The Rio Cup of 1951 – a tournament where the best teams on the planet had been summoned to participate in what can only be described as the first International Interclub Championship – included Nacional – the base of Uruguay’s 1950 World Champion National Team; Juventus (Italy), Olympique de Nice (French champions) the Red Star (Yugoslav champions) and Sporting (Portuguese champions). Brazil was represented by Palmeiras and Vasco da Gama (Rio de Janeiro). The final was played in two turns and Palmeiras got the better of Juventus. The title was at the time greatly commemorated all over Brazil, as Palmeiras lifted the trophy of the first International Interclub Championship.

Finally, also FIFA seems ready to make the formal recognition. In an fresh interview for the newspaper “Estado de São Paulo”, FIFA president Joseph Blatter confirmed that Palmeiras would shortly be receiving a certification. Blatters’s statement annoyed FIFA press officers present during the interview, possibly because he shouldn’t be spilling the beans. No harm done, Mr. Blatter: we knew a recognition would come sooner or later.

Scoppia che la vittoria è nostra!

Palmeiras are in dire straits, financially speaking. The Tirone administration repeated the modus operandi of previous administrations and left the current one with some 70% of revenues already allocated, effectively crippling the most basic of functionality. Making things worse: if it’s one thing Paulo Nobre has not delivered, it’s increased revenues. Yesterday, after 18 months as president, he finally sacked Marcelo Giannubilo, head of Palmeiras’ marketing division. Results have been pathetic, to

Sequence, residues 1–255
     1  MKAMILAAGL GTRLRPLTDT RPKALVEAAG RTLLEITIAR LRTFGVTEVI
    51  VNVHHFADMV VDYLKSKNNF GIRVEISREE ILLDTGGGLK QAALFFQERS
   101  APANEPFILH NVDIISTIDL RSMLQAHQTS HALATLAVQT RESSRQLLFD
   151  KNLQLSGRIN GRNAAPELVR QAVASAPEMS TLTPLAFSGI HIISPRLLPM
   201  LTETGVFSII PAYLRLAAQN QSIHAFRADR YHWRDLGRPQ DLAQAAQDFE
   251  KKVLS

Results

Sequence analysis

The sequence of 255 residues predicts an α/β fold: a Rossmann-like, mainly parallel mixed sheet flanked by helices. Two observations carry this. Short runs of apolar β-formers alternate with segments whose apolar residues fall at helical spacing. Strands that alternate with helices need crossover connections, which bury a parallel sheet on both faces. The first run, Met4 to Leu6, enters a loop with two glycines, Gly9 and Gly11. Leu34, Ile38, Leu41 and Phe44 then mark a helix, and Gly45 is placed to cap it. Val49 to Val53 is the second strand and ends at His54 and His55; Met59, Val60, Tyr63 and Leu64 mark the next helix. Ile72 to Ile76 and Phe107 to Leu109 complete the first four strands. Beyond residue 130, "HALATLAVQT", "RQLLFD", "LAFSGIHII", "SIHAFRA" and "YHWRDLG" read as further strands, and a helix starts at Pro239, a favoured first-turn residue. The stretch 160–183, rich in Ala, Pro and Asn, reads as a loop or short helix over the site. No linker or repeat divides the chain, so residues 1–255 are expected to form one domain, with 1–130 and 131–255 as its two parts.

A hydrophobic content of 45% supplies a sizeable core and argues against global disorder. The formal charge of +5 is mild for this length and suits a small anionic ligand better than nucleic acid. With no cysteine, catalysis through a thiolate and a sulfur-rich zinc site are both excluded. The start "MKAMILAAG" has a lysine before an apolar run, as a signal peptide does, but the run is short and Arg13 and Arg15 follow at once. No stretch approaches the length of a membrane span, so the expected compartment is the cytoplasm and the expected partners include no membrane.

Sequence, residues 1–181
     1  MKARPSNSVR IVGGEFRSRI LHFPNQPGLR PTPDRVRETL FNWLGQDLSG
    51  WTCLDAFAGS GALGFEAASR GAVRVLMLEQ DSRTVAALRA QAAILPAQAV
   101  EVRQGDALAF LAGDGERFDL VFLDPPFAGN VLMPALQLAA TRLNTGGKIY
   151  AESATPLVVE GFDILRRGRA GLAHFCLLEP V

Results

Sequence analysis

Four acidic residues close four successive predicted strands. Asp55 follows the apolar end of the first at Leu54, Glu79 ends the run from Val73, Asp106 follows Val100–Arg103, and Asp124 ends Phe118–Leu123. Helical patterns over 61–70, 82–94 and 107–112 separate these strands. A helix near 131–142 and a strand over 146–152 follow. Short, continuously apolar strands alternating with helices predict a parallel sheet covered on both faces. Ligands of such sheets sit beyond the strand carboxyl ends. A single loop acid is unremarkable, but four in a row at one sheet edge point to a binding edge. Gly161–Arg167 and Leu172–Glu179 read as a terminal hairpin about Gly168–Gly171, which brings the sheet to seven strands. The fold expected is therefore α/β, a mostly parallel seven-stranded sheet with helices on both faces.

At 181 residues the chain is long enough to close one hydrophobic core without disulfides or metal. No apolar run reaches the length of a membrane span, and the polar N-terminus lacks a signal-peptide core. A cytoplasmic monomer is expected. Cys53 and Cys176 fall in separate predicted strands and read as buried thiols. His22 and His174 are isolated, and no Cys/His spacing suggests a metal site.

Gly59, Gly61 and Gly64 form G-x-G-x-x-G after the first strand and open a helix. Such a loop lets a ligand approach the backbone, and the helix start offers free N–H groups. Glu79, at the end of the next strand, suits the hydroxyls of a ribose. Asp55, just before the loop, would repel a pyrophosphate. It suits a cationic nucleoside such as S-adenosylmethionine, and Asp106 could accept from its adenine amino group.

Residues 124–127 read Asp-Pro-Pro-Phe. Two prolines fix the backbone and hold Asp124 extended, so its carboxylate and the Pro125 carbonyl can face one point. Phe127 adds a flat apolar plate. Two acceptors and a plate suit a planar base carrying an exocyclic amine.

say the least: an expressive increase in the Avanti membership programme (however with numerous complains concerning logistics, policies, customer support, etc.) and the smash hit “TV Palmeiras”. That is all. No wait, there were also several expensive commemorative jerseys launched and advertisement printed on take-away pizza boxes.

Palmeiras CEO José Carlos Brunoro is taking the reins at Marketing, but rather symbolically: the hands-on is expected to be carried out be those already integrating the department, especially Luis Fronterotta and Paulo Henrique Zago. Good luck to the lads: in a few months they are expected (or are they?) to achieve what hasn’t been achieved in the previous 18 months.

So, Palmeiras are out of cash. In fact, so badly that president Nobre has lent his good name as guarantee, enabling Palmeiras to take up loans with more attractive interest rates. New loans that today amount to a staggering US$ 47 million. Some see this as the Club being hostage to the president. On the other hand, these new loans mature much later than other loans, providing Palmeiras with the possibility to refinance debts and relieve the pressure. Palmeiras are at least honouring commitments with staff and players, something many other clubs do not.